Gap Wedge – Hit More Greens in Regulation

The majority of your shots in a round of golf occur inside the 100 yard marker, otherwise known as the scoring zone. Most golfers, especially beginners, do not think to carry a gap wedge. But a gap wedge will provide opportunities to be more aggressive and get that up-and-down when you need it most, a sure way to lower scores. Let’s look at why the gap wedge is such an important but yet a very under utilized golf club.

Most golfers certainly understand the importance of the short game. One way to become more accurate when you have that opportunity for par or birdie, is to carry a wedge that will allow you to be more aggressive on the approach shots. By and large, it is easier to hit a full shot with a gap wedge as opposed to hitting a 1/2 or 3/4 shot using a pitching wedge. Having a gap wedge available in your bag, will provide otherwise missed opportunities in a round of golf to play those full shots.

Gap wedges are also called Approach and Attack wedges and as a norm, range from 50 to 53 degrees — the more common probably being 52 degrees. But more important than the loft itself is to properly space your wedge lofts to provide the best coverage — ideally the increments should be four or five. Because different lofts primarily equate to distance, spacing lofts will broaden your effectiveness for each yardage. For example, your Pitching Wedge is 48 degrees and the Sand Wedge is 56 degrees — a gap wedge of 52 degrees would be ideal. This would give you the best coverage, closing those yardage gaps that fall between the pitching and sand wedge.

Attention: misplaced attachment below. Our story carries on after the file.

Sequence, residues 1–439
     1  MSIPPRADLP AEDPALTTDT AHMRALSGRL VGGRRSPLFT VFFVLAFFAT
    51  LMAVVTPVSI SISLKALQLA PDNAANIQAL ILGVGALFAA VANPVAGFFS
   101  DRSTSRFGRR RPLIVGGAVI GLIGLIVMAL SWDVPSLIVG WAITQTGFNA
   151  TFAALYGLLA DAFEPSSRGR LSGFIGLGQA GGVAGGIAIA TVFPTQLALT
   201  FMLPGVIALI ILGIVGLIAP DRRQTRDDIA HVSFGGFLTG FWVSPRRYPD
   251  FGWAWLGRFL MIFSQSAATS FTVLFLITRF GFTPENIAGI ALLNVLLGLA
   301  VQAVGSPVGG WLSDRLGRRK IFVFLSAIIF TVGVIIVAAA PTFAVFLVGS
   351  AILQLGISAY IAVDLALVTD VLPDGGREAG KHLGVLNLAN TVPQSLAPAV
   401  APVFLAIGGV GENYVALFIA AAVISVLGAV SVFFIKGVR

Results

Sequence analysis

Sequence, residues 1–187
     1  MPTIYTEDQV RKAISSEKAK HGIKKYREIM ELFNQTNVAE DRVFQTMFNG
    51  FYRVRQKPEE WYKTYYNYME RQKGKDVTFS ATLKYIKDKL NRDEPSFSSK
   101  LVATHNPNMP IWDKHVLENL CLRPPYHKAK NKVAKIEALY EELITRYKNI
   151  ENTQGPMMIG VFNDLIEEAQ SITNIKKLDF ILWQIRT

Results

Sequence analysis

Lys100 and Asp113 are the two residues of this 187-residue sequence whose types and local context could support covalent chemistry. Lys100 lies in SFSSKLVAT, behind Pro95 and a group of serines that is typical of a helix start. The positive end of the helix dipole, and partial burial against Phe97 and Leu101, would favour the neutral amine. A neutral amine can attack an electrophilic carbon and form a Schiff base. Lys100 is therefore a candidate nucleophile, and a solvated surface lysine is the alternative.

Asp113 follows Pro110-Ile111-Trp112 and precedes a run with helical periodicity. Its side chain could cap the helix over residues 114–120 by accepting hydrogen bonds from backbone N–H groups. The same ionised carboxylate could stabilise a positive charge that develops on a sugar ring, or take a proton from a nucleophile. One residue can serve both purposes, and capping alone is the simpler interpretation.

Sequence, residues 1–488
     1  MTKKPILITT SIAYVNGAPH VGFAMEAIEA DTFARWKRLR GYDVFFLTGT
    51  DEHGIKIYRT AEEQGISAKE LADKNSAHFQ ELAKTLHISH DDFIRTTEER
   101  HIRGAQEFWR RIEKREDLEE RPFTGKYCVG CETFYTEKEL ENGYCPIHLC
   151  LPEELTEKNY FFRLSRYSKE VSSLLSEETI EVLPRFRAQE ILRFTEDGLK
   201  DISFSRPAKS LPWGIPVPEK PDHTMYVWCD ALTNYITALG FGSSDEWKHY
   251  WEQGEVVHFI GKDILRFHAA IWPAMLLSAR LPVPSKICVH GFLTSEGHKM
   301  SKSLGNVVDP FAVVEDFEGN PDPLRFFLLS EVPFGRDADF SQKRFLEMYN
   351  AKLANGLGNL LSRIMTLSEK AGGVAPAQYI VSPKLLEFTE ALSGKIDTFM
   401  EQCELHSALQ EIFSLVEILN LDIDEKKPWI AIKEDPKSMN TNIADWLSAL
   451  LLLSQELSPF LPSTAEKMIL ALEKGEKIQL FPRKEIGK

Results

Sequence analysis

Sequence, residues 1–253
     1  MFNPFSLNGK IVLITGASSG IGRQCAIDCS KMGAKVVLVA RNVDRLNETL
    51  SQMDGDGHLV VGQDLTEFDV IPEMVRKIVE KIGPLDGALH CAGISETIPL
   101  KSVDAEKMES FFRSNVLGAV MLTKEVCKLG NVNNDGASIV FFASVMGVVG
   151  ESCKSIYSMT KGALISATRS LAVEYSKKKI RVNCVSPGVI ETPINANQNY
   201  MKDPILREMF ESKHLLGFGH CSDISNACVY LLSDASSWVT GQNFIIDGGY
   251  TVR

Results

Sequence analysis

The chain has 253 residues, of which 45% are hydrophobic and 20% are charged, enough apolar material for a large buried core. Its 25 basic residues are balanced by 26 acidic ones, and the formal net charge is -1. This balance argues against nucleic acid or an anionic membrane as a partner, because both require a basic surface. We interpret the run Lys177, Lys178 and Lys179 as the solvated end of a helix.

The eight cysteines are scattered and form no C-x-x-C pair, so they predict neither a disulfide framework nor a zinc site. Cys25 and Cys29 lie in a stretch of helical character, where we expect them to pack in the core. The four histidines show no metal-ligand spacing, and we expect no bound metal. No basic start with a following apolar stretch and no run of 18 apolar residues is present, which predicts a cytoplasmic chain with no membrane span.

Another important aspect to be aware of is the bounce angle of your gap wedge. Because gap wedges are normally used in the fairway or bump and runs, it may be more beneficial to use a lower or standard bounce. Although this comes down to personal preference and the course you most commonly play, a high bounce may not be required for a gap wedge.

There are many great gap wedge manufacturers. Some of the more popular ones include Cleveland, Titleist, and Callaway. Other lesser known but very good gap wedges include Adams, Ben Hogan, Orlimar, Ping, PureSpin, Taylormade, and Wilson.

You may be missing a lot of opportunities to improve your scoring inside the scoring zone by not carrying a gap wedge. Add a gap wedge and watch your score plummet.

Written by Dan DeRoeck

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